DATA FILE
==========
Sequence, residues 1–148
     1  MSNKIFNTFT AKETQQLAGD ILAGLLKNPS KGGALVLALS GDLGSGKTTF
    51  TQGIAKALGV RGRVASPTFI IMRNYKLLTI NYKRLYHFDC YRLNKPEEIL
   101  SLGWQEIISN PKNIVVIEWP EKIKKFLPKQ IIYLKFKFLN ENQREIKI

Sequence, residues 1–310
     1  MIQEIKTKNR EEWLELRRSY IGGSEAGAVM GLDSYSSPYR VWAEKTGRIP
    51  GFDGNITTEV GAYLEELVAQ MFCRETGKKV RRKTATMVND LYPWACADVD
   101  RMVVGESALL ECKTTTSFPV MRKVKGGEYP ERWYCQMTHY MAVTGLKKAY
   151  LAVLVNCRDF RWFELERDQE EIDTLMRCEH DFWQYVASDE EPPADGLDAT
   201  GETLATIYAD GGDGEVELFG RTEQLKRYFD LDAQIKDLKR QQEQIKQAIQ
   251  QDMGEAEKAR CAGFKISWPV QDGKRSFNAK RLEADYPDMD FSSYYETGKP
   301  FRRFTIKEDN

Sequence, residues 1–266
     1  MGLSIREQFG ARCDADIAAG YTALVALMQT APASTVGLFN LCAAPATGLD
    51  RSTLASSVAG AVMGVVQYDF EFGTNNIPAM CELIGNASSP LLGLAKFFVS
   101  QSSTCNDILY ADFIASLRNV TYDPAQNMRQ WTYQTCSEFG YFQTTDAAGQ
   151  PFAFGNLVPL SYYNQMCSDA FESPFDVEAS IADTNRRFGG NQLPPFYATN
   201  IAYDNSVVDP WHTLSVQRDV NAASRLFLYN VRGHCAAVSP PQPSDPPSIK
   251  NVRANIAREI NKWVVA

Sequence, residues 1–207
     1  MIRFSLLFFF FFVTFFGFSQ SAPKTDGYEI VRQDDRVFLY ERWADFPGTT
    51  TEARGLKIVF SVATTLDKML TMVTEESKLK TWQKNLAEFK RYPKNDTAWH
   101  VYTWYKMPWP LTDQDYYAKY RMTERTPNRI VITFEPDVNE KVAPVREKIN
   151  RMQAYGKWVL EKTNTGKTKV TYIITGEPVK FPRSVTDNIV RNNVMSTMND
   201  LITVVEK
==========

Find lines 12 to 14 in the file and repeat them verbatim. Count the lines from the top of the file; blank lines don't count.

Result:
   301  FRRFTIKEDN

Sequence, residues 1–266
     1  MGLSIREQFG ARCDADIAAG YTALVALMQT APASTVGLFN LCAAPATGLD